Wednesday, October 21, 2009

Multi-tasking for Beginners

Scotty Schneider, Multi-Tasker Supreme

I didn’t think it was possible, but I’ve found a whole new way to annoy my youngest son. Catering to his every need isn’t one of them. He has no problem with that. On any given day, I’m likely to ask him one of the following questions: “Shall I toast that for you, my darling?” “Shall I launder that for you?” “Shall I buy that for you?” “Shall I do more for you than I would ever do for myself?” I understand that he’s busy. He plays soccer and basketball and a variety of challenging video games. There are friends to chat with online, and drums to bang on, and music to blast at eardrum-piercing decibels. Now and then, there’s studying and the small matter of college applications. The boy has no time to pick up all those nice clothes he leaves on the floor. Please. That’s my job. I get it. Duh! After years of following silly advice in parenting books, about setting limits and blah-blah-blah, I’ve concluded that my way works better. I go with my natural instincts. I spoil him rotten.

Until recently, fulfilling his every wish got a big thumbs-up. But lately, he’s so impatient with me. He doesn’t understand why I can’t match his level of extreme multitasking. I’m only good for one or two tasks, tops. I can sit at the computer and drink coffee. I can sit at the computer and answer the phone. I can sit at the computer and stare at the screen, as I was doing the other day, when he asked me to read a rough draft of his college essay. So here’s what I did: I sat there and read it. I went sentence by sentence. I lingered over this word and that idea. I took my time. And it drove him crazy.  “What’s taking so long?” he asked. “I’m reading your essay.” “You should be done by now.” He made a move to turn on the music. “Don’t,” I said. “You can’t read with music on?” he asked. “No.” “You’d fail at being a teenager,” he said. (As if I’d ever want to be one again.) “You couldn’t multitask if your life depended on it.” “Is that such a bad thing?” “Yes!” he said. “What’s so great about multitasking?” “You get more done.” “Maybe so, but you get it done, badly.” I went on to explain my philosophy for the eightieth time in two weeks. “I’m old. I need to concentrate. I lost valuable brain cells back in the ’70s.”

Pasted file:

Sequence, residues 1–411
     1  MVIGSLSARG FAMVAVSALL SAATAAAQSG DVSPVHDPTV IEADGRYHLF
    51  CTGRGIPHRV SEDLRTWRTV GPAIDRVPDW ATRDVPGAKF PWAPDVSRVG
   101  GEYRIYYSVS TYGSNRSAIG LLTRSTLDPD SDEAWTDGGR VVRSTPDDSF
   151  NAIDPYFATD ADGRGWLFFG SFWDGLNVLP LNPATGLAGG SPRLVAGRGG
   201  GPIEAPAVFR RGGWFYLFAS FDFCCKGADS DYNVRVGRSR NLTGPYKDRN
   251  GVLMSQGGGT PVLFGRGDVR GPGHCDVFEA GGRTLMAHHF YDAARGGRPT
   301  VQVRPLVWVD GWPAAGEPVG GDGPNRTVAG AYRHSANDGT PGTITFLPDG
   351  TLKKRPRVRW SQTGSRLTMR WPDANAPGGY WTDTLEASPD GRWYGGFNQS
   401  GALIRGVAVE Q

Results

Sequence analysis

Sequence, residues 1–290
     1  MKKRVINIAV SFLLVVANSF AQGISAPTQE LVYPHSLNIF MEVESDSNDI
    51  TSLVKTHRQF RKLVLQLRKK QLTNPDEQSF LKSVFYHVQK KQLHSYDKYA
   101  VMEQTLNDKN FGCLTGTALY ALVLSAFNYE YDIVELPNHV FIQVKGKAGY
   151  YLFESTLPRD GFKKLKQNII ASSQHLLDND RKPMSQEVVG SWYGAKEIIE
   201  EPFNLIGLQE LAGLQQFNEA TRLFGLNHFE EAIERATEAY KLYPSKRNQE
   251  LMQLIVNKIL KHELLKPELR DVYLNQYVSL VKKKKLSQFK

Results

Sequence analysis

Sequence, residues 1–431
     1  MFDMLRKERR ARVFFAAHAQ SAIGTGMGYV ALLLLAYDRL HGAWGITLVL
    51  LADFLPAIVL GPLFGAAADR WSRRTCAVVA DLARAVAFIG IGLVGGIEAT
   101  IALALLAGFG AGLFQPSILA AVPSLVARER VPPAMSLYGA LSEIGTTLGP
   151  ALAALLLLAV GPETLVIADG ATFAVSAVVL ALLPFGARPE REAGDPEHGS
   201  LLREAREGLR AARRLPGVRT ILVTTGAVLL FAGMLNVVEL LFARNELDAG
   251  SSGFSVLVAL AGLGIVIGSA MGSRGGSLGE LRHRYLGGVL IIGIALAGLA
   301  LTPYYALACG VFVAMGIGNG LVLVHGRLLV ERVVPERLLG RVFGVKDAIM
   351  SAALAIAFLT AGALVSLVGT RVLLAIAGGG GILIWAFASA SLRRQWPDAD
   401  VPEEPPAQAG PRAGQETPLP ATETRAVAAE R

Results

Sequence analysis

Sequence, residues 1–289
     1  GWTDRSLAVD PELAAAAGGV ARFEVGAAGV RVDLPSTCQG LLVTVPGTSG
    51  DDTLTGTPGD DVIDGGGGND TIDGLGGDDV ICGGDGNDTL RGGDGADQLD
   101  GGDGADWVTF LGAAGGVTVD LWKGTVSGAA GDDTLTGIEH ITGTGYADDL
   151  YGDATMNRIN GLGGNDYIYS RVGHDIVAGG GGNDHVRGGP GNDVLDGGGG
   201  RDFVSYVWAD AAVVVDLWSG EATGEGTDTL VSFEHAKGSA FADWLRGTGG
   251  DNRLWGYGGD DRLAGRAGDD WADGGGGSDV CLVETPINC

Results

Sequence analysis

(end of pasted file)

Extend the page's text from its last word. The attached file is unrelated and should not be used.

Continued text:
I played the pity card next. I told him how I didn’t even have a computer in school. I had a lousy electric typewriter. “No spell check!” “That’s awful,” he said. “No cell phones. No Google. No Wikipedia,” I said. I could tell I was reaching him. I was getting through at last. We were really connecting. He put a loving hand on my shoulder. “What’d you think of my essay?” “I haven’t finished it yet.” “Why not?” “We’ve been talking.” “You can’t talk and read at the same time?” “I refer you to our previous discussion.” “Which discussion?” “The one we just had.”

Wednesday, October 7, 2009

Oh, No, You Didn't!

The summons arrives in my mailbox. I stare at it in disbelief. My brain fills with dread. Anxiety swoops down for a landing. “Oh, no, you didn’t!” I say. I mean, seriously. I just did freaking jury duty three years ago. A scary, criminal case. Attempted murder. Very “CSI.” Guys with tattoos. Gunshots. Gangs. Contentious deliberations. Lots of shouting. I screamed the loudest. The experience left scars, people. Deep ones, on my hands from all that table-banging. For three weeks, or was it four, I was one angry gal. Oh, the trauma. Oh, the police escorts to the parking lot. I ask you: Haven’t I done my civic duty? Don’t I deserve a lifetime pass?